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Career and Education Opportunities for Taxi Drivers in Mississippi

Mississippi has a population of 2,951,996, which has grown by 3.77% over the past 10 years. Nicknamed the "Magnolia State," Mississippi's capital and biggest city is Jackson.

About 1,730 people are currently employed as taxi drivers in Mississippi. By 2016, this is expected to grow 17% to about 2,020 people employed. This is better than the national trend for taxi drivers, which sees this job pool growing by about 15.5% over the next eight years. Taxi drivers generally drive automobiles, vans, or limousines to transport passengers.

Taxi drivers earn approximately $8 hourly or $18,580 per year on average in Mississippi. Nationally they average about $10 hourly or $21,550 yearly. Taxi drivers earn less than people working in the category of Small Vehicle generally in Mississippi and less than people in the Small Vehicle category nationally.

In 2008, there were a total of 1,558,262 jobs in Mississippi. The average annual income was $30,383 in 2008, up from $29,542 in 2007. The unemployment rate in Mississippi was 9.6% in 2009, which has grown by 2.8% since the previous year. About 16.9% of Mississippi residents have college degrees, which is lower than the national average.

The top industries in Mississippi include furniture product manufacturing, household furniture cabinet manufacturing, and household furniture manufacturing. Notable tourist destinations include the Oaks Museum House, the International Museum of Muslim Cultures, and the Glory of Baroque Dresden Exhibition.

CITIES WITH Taxi Driver OPPORTUNITIES IN Mississippi


JOB DESCRIPTION: Taxi Driver

Taxi Driver video from the State of New Jersey Dept. of Labor and Workforce Development

In general, taxi drivers drive automobiles, vans, or limousines to transport passengers. They also may occasionally carry cargo.

Every day, taxi drivers are expected to be able to respond quickly in general. It is also important that they quickly make decisions and take actions based upon external signs and signals.

Similar jobs with educational opportunities in Mississippi include:

  • Bus Driver. Drive bus or motor coach, including regular route operations, charters, and private carriage. May assist passengers with baggage. May collect fares or tickets.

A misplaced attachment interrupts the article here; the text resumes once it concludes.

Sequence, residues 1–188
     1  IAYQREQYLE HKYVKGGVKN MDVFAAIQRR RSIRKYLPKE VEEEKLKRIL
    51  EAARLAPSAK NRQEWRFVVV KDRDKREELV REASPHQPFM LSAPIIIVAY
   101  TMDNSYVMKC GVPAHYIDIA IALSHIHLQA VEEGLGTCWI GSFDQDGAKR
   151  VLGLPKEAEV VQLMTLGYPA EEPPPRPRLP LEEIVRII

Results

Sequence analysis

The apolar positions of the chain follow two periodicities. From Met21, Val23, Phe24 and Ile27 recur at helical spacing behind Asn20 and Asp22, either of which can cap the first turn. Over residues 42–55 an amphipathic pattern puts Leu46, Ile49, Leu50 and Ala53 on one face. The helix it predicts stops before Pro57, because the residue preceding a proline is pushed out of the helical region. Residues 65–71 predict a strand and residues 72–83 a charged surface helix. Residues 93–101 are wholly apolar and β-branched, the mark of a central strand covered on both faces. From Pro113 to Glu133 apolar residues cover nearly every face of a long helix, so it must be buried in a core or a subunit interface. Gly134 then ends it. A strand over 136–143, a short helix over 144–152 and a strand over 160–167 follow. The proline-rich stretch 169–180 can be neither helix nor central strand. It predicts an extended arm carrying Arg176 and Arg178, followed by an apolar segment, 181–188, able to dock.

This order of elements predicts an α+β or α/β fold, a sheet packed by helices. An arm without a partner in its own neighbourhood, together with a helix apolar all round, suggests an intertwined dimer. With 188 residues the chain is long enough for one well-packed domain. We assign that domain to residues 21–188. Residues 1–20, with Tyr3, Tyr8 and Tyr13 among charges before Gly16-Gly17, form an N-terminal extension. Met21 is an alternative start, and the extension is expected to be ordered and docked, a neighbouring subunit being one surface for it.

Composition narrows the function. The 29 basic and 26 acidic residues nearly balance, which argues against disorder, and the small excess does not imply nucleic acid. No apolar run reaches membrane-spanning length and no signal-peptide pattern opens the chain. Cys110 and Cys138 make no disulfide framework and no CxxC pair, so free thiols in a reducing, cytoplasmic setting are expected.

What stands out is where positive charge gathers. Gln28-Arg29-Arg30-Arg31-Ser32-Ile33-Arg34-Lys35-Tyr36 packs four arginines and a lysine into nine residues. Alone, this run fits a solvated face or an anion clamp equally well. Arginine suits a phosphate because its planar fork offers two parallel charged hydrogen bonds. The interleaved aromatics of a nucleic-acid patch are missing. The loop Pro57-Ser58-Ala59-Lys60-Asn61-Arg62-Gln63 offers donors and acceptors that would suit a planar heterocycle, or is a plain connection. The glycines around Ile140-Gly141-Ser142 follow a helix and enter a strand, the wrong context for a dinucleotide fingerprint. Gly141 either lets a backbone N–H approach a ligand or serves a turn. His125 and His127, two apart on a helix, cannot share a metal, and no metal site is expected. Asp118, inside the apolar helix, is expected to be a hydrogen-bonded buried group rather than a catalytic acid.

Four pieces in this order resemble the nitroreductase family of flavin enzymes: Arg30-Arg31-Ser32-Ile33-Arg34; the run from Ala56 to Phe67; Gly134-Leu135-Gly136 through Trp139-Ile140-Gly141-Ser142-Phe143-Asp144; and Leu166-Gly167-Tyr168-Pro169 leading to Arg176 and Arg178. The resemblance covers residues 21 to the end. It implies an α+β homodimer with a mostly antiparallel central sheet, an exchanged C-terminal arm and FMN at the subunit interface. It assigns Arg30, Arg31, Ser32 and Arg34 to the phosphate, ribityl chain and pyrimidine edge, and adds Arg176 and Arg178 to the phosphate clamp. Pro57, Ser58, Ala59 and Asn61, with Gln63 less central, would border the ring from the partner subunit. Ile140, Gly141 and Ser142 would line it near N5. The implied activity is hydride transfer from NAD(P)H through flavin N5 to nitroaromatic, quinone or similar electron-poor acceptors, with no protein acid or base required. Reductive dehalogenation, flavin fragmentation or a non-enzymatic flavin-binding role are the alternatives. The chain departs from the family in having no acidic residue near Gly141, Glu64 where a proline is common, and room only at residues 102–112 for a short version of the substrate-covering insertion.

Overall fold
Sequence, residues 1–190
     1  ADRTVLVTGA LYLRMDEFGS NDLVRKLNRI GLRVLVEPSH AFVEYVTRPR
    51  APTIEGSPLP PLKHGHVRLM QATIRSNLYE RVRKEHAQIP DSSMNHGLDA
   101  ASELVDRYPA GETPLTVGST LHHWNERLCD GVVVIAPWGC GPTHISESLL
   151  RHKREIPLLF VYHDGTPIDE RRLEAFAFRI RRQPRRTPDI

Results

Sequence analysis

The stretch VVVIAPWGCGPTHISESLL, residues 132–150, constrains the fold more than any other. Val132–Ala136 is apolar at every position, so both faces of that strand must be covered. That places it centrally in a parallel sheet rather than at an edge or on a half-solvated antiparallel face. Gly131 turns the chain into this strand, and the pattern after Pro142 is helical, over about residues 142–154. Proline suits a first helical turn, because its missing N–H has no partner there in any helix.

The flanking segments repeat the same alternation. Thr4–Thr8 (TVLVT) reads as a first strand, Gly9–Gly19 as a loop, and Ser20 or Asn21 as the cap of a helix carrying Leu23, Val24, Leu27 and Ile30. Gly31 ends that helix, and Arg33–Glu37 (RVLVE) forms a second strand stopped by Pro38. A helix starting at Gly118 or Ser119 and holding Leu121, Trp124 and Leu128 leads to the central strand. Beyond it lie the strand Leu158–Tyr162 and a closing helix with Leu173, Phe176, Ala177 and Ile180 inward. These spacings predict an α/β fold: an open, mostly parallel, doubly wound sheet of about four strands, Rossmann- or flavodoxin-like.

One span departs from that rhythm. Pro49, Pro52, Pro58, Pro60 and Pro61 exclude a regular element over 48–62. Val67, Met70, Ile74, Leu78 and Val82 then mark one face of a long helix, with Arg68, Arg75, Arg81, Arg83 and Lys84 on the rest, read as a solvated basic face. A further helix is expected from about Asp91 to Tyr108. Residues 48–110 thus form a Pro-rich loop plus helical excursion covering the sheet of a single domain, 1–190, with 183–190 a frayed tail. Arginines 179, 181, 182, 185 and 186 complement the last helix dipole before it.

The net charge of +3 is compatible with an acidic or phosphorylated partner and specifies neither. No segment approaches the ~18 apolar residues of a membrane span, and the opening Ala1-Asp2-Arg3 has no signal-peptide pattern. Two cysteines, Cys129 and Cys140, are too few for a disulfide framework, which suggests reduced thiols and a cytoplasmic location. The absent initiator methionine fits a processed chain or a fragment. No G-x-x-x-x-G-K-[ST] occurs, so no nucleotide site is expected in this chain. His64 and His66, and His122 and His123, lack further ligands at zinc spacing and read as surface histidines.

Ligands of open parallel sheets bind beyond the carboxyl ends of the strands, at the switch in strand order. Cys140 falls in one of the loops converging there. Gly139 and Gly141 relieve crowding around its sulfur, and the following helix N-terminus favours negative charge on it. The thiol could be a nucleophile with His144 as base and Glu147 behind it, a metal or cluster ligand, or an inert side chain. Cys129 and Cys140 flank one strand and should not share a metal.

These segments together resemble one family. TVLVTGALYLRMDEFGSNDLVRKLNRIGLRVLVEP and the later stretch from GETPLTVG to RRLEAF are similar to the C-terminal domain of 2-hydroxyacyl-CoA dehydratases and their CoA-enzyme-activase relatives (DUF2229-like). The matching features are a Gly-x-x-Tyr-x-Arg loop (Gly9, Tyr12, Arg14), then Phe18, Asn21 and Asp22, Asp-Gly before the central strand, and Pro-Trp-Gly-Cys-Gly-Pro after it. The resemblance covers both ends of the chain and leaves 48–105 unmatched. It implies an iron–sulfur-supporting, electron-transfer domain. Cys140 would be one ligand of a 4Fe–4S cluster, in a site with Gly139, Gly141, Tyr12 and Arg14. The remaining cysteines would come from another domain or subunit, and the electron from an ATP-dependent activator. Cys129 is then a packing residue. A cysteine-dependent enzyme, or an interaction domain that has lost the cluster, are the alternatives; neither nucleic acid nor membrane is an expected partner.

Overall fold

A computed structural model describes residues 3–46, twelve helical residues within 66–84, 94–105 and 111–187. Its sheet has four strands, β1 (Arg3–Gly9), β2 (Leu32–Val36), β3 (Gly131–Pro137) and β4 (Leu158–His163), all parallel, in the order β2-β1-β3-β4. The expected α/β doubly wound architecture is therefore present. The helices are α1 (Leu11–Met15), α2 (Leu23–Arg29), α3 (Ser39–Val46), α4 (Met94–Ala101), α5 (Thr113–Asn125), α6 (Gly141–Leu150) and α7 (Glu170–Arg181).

• Delivery Driver. Drive a truck or van with a capacity of under 26,000 GVW, primarily to deliver or pick up merchandise or to deliver packages within a specified area. May require use of automatic routing or location software. May load and unload truck.
  • Paramedic. Drive ambulance or assist ambulance driver in transporting sick, injured, or convalescent persons. Assist in lifting patients.
  • School Bus Driver. Transport students or special clients.
  • Subway Train Operator. Operate subway or elevated suburban train with no separate locomotive, or electric-powered streetcar to transport passengers. May handle fares.

LOCATION INFORMATION: Mississippi

Mississippi
Mississippi photo by Nathan Culpepper

Mississippi has a population of 2,951,996, which has grown by 3.77% over the past decade. Nicknamed the "Magnolia State," Mississippi's capital and biggest city is Jackson. In 2008, there were a total of 1,558,262 jobs in Mississippi. The average annual income was $30,383 in 2008, up from $29,542 the previous year. The unemployment rate in Mississippi was 9.6% in 2009, which has grown by 2.8% since the previous year. About 16.9% of Mississippi residents have college degrees, which is lower than the national average.

The top industries in Mississippi include furniture product manufacturing, household furniture cabinet manufacturing, and household furniture manufacturing. Notable tourist destinations include the Audubon Society Jackson Chapter, the Manship House Museum, and the Glory of Baroque Dresden Exhibition.